Journal ArticleDOI
Abstract: Community coalitions have become popular vehicles for promoting health. Which factors make coalitions effective, however, is unclear. The study's aim was to identify coalition-building factors related to indicators of coalition effectiveness through a review of the empirical literature. Published articles from 1980 to 2004 that empirically examined the relationships among coalition-building factors and indicators of coalition effectiveness were reviewed. Two indicators of coalition effectiveness were examined: coalition functioning and community-wide changes. A two-phase strategy was employed to identify articles by reviewing citations from previous literature reviews and then searching electronic reference databases. A total of 1168 non-mutually exclusive citations were identified, their abstracts reviewed, and 145 unique full articles were retrieved. The review yielded 26 studies that met the selection criteria. Collectively, these studies assessed 26 indicators of coalition effectiveness, with 19 indicators (73%) measuring coalition functioning, and only two indicators (7%) measuring changes in rates of community-wide health behaviors. The 26 studies identified 55 coalition-building factors that were associated with indicators of coalition effectiveness. Six coalition-building factors were found to be associated with indicators of effectiveness in five or more studies: formalization of rules/procedures, leadership style, member participation, membership diversity, agency collaboration, and group cohesion. However, caution is warranted when drawing conclusions about these associations due to the wide variations in indicators of coalition effectiveness and coalition-building factors examined across relatively few studies, discrepancies in how these variables were measured, and the studies' reliance on cross-sectional designs.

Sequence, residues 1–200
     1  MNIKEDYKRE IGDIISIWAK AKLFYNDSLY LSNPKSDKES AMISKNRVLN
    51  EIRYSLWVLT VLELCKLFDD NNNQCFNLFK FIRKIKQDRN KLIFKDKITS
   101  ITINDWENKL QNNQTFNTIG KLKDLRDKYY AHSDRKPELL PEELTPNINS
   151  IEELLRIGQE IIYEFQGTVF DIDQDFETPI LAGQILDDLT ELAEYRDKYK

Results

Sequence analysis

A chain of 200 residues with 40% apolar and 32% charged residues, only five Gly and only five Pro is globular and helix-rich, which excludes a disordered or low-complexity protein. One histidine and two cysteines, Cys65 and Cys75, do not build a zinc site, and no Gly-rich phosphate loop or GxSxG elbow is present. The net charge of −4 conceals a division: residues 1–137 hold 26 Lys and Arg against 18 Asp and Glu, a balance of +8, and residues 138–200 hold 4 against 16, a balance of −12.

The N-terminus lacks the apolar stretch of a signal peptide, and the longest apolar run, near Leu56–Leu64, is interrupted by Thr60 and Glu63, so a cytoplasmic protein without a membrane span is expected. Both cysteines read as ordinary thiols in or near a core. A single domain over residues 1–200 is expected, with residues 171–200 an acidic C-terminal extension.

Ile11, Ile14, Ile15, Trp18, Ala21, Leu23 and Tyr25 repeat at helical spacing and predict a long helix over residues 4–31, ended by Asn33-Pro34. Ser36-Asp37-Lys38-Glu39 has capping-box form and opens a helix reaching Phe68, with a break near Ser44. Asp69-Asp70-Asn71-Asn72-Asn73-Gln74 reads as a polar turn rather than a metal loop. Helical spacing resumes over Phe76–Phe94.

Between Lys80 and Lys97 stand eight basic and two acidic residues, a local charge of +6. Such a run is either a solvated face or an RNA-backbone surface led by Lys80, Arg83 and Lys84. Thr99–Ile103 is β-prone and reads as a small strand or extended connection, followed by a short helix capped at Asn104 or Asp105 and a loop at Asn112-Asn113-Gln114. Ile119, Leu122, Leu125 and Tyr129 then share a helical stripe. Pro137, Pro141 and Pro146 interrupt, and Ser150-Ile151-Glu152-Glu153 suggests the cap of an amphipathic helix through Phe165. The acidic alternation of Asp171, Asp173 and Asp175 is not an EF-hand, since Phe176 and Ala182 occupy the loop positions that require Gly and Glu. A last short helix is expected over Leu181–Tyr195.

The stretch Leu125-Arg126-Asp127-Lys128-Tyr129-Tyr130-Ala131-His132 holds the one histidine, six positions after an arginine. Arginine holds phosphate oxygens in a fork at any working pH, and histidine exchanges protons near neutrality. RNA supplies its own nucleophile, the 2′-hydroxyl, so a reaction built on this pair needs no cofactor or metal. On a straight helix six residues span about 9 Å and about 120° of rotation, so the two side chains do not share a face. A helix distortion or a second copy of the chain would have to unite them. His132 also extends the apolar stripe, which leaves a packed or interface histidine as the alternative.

317 citations


Journal ArticleDOI
TL;DR: Findings from research on smoking, alcohol, and other drug use show that the network approach is instructive for understanding social influences on substance use, and how network analysis can be used to design more effective prevention programs and to monitor and evaluate these programs.
Abstract: We review findings from research on smoking, alcohol, and other drug use, which show that the network approach is instructive for understanding social influences on substance use. A hypothetical network is used throughout to illustrate different network findings and provide a short glossary of terms. We then describe how network analysis can be used to design more effective prevention programs and to monitor and evaluate these programs. The article closes with a discussion of the inherent transdisciplinarity of social network analysis.

251 citations


Cites background from "Project Northland: long-term outcom..."

  • ...Peer leaders are usually chosen by asking students to write the names of other students who they consider to be good leaders (Johnson et al., 1986; Perry et al., 2002)....

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References
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Book
01 Jan 1978